Thursday, December 5, 2013

Organization And Authority in the Church of God


The very impudence changing that is mind-boggling … to some. What was established by God must forever remain! We dare not tamper with what God brought forth, or we become like ancient Israel touching, carrying lightly the “holy things” of God.

Relocating the 2014 North American Convention from the Indiana cornfields to the Oklahoma oil-fields is producing “Richter Scale reactions” for some. For people who value the long tradition of the NAC/GA in Anderson, the upscale values of AU education, and the list could go on, and in a few instances the personal effects are cataclysmic, turning some people’s lives upside down, or inside out, as the case may be. The Movement is no longer what it once was!

While I may have slightly overstated the case, I want to introduce an idea we don’t discuss often. We are a pretty traditional people, whether we will admit it or not. We do not change easily, especially if we think we are right. J Changing NAC 2014 from Anderson to OKC offers a handle for introducing this a comment from a former colleague and friend, B. Gale Hetrick: “The fact that we refused to accept the formal processes of organization only resulted in slowing the evolution of structure” (Hetrick/Laughter Among the Trumpets/1980/105).

Movementally, we grew to adult immaturity as a reactionary movement and we still get some pretty good knee-jerks. One of our weak joints was our firm conviction of the worthlessness of organization. You can readily trace the thread of our anti-organization bias.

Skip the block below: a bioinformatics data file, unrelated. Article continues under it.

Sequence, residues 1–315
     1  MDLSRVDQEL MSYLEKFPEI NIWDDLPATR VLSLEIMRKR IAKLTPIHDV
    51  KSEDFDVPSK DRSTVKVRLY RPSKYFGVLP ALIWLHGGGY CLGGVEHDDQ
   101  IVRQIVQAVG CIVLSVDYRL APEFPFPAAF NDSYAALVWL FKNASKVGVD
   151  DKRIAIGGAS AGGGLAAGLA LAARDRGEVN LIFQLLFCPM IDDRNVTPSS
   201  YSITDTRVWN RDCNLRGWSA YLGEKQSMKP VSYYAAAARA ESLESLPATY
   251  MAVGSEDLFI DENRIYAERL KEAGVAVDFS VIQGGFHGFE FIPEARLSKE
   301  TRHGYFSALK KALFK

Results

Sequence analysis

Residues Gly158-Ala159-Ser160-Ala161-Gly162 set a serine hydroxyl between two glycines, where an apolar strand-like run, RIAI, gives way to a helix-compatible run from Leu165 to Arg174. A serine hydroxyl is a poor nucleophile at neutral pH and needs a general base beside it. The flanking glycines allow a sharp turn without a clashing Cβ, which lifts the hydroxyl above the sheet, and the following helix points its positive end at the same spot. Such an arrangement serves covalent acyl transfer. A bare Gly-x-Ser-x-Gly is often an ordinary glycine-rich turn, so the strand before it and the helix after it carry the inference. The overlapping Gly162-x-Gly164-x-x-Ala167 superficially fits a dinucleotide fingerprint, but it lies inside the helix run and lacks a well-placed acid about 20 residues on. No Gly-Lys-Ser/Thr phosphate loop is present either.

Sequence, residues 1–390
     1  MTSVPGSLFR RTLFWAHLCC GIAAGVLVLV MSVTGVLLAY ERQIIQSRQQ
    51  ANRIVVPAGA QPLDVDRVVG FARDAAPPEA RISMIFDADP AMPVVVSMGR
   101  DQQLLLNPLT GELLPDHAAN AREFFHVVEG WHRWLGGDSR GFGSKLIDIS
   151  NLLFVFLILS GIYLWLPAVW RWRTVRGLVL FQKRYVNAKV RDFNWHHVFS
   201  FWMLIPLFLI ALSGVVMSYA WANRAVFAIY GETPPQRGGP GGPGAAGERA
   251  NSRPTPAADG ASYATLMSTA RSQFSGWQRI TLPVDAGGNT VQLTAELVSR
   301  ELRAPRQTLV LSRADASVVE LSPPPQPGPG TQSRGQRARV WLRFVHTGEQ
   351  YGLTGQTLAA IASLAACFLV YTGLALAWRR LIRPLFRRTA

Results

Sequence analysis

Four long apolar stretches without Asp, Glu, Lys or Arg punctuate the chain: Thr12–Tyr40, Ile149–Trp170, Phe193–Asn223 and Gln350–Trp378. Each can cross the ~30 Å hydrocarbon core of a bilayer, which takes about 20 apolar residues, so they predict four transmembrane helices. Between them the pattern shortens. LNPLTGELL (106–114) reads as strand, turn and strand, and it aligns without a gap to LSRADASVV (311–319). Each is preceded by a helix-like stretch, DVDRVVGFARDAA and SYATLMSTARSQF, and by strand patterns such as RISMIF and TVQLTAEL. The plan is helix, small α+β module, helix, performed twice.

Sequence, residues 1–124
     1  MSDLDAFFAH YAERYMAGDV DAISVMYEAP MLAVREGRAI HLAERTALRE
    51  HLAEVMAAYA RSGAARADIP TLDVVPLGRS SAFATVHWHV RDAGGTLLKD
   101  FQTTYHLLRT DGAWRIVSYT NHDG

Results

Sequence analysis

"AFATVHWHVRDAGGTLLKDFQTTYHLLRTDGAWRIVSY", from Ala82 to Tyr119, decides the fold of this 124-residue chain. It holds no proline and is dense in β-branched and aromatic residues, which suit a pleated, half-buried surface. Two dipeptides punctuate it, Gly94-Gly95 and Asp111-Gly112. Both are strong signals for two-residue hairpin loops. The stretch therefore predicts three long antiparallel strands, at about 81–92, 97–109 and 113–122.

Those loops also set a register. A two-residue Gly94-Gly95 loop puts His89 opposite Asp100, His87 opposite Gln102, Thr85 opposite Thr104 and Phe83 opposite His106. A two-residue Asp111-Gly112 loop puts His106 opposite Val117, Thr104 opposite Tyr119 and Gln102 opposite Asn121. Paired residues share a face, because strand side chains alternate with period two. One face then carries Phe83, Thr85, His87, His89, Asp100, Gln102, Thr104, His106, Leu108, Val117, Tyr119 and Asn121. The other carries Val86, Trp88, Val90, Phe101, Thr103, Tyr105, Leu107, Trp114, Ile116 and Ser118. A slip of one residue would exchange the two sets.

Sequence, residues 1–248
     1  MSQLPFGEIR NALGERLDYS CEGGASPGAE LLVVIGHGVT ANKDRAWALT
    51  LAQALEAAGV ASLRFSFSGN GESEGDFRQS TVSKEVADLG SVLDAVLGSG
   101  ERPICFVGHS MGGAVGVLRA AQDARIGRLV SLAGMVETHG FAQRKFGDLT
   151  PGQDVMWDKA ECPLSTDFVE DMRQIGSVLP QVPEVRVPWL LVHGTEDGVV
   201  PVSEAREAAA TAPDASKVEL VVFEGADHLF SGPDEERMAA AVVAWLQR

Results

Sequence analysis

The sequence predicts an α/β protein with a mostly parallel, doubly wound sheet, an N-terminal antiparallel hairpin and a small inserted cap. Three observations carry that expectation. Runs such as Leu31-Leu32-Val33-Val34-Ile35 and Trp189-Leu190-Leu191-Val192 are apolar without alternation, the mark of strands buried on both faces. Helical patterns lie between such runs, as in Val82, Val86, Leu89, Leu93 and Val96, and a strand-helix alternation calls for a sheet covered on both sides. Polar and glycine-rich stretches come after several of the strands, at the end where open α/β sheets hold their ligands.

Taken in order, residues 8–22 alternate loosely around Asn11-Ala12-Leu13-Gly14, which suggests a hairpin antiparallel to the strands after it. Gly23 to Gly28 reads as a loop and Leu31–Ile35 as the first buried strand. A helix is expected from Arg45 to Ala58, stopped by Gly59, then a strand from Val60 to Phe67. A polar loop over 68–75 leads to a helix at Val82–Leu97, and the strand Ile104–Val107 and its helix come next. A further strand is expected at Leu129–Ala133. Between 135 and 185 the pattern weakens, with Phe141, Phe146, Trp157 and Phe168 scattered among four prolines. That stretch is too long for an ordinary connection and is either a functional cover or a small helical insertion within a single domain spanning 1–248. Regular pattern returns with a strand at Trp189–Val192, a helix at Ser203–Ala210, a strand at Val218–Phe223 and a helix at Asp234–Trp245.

Hetrick had just been called from his Kalamazoo pastorate to a position of State leadership in the Church of God in Michigan. Establishing his home in Okemos, MI (East Lansing), he found himself building on a structure some would characterize as a still-born baby or a prematurely-born fetus. He slowly nurtured that “preemie” that had not been properly planned for. C. E. Brown, future Editor in Chief but then pastor in Detroit, helped deliver that baby at Lansing South Church of God in 1920.

I call it somewhat “still born” because it was so developmentally challenged. That group of Michigan ministers made a decision and acted upon it, but before Brown knew it, he was quickly challenged by national leaders. Setting up a state organization was seen as competitive with the only working structure they had thus far allowed themselves, and that was the recently formed, still new, 1917 Ministerial Assembly.

This is not the place for a historical treatise, but it registered enough on their Richter Scale that Brown candidly confessed and rightly concluded, “We brethren in Michigan did what was, for the time, a daring thing.” He did concede that it was a birth greatly-needed. Ministers circulated freely with questionable credentials. Churches and pastors each experienced their own peculiar difficulties with times of transition. Factually, they had no mechanism with which to deal with such problems or the resulting conflict when they became too obvious to longer sweep them under the ecclesiastical rug.

The rest of it is history and today the Lansing, MI Service Center of the Church of God finds itself a highly respected coordinative and administrative agency under the able leadership of Dr. William (Bill) Jones, a devoted churchman. The Command Center he supervses details a long list of interlinking Ministries that resource each other. The Service Center is a State Government of sorts, co-equal with every other state administration, while each is also interdependent upon one another and co-equal with Chog Ministries in Anderson, which serves in the capacity of Federal Coordinator.